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4. Ferrari vs Purosangue Foundation


If you’re a frequent visitor to our website, you’ll be aware that Ferrari is going to introduce its first-ever SUV (although, Ferrari doesn’t want anyone to call it an SUV) named Purosangue, which is Italian for ‘thoroughbred’. That’s not an attractive name for an exotic car, but the Italian marque confirmed the name in 2018. However, a small anti-doping charity organization called Purosangue Foundation has been using that name since 2013, creating a direct conflict with Ferrari. While Ferrari initially approached the foundation for using the name, the automaker filed a lawsuit when the talks broke down.

While Ferrari acknowledged that The Purosangue Foundation trademarked the name first, it claimed that the small charity did not make enough use of its trademark over the past five years to bar Ferrari from using the name. Absurd, right? Well, Ferrari won.

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3. Mansory 4XX Siracusa


When Ferrari doesn’t shy away from sending cease-and-desist letters to its owners for something trivial, imagine how the Italian manufacturer will respond to someone trying to copy its design. Although beauty is something that’s purely subjective, you’ll have to be blind to think anything that Germany-based tuning company Mansory is pleasing to the eye. The company should be sued for the obnoxious aftermarket kits they make for exotic cars, but Ferrari filed a lawsuit against Mansory for replicating its design.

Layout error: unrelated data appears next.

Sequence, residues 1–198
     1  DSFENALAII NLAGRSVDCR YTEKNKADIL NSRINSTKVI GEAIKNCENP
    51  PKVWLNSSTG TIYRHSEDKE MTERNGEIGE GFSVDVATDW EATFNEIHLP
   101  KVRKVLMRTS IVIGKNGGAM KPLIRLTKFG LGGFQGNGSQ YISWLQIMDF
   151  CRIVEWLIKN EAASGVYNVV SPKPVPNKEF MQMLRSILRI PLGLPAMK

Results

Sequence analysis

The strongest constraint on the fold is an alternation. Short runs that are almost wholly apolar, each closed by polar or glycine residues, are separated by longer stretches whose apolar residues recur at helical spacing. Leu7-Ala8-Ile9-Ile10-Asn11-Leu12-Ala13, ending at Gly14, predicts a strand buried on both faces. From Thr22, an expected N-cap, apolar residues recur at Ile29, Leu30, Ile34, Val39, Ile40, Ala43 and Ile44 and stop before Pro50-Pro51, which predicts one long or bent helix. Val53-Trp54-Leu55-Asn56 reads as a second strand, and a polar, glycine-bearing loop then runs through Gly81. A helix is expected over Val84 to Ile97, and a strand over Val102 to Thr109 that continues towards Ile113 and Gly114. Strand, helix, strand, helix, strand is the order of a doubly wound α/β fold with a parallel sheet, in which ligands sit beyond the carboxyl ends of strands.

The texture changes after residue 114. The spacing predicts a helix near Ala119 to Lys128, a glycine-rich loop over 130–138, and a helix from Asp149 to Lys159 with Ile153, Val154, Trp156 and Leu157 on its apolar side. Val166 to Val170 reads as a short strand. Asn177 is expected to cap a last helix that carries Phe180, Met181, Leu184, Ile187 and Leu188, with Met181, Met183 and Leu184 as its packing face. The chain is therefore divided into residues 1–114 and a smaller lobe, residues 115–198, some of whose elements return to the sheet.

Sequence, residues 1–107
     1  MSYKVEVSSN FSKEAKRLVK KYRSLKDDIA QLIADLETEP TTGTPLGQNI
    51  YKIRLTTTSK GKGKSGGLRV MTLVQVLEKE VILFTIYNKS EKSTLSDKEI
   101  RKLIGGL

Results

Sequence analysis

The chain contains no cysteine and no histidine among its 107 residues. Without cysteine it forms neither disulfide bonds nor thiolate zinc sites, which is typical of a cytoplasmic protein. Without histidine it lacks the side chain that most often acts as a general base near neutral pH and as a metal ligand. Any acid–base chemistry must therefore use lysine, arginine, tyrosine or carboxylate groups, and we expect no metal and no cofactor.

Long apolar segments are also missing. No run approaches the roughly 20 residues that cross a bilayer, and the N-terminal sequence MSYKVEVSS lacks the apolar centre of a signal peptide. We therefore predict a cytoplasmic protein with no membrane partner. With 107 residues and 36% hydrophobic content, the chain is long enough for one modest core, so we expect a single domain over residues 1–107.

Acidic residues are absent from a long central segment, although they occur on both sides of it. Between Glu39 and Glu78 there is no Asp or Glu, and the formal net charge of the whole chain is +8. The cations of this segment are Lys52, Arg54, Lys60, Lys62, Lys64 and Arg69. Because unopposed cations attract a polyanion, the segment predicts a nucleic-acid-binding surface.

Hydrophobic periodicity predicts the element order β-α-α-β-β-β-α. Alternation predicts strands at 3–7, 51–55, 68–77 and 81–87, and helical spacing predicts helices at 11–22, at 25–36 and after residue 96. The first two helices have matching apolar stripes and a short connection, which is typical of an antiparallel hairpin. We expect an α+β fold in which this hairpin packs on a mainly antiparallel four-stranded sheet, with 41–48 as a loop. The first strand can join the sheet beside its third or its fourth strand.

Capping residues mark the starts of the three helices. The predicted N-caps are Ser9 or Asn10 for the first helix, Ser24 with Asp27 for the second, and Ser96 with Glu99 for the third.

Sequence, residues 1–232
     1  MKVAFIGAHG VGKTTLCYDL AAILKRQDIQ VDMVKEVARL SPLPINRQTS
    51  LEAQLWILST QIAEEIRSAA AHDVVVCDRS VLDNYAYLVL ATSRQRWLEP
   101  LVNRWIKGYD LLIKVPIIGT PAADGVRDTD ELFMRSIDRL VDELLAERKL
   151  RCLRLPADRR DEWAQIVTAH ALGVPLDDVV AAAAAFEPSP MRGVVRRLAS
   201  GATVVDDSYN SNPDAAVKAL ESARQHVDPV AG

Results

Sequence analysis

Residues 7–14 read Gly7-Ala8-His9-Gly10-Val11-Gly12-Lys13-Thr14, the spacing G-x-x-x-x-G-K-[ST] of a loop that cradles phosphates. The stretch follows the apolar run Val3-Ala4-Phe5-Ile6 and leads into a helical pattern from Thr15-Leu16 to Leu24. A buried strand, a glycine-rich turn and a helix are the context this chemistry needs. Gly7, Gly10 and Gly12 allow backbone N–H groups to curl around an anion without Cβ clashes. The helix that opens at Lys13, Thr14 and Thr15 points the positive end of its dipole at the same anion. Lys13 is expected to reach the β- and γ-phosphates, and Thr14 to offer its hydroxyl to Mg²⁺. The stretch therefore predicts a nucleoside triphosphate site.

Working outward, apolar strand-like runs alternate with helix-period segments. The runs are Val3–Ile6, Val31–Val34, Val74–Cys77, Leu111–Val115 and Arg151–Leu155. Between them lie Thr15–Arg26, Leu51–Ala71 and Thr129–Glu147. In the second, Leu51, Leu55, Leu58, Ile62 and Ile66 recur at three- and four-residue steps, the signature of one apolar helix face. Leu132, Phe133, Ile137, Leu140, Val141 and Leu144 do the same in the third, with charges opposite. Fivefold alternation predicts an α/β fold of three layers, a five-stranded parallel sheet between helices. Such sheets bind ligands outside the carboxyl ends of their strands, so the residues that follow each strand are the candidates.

Back in 2016, Mansory had introduced the 4XX Siracusa body kit for the Ferrari 488 GTB with many design elements seemingly inspired by the Ferrari FXX-K. Ferrari said it was a blatant rip-off and filed a lawsuit in a German court based on something known as an “unregistered community design right.” After five long years, a judgment was finally passed in Ferrari’s favor.

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2. Phillipp Plein’s Instagram post


It’s not uncommon for social media influencers to use Ferrari in their posts to show off their wealth. However, Ferrari is very particular on how its cars are depicted and if the person is actually using Ferrari’s brand equity for some vested interest. Case in point, German fashion designer Phillipp Plein was sued by Ferrari when he posted a picture of a pair of sneakers designed by him placed on his apple-green Ferrari 812 Superfast.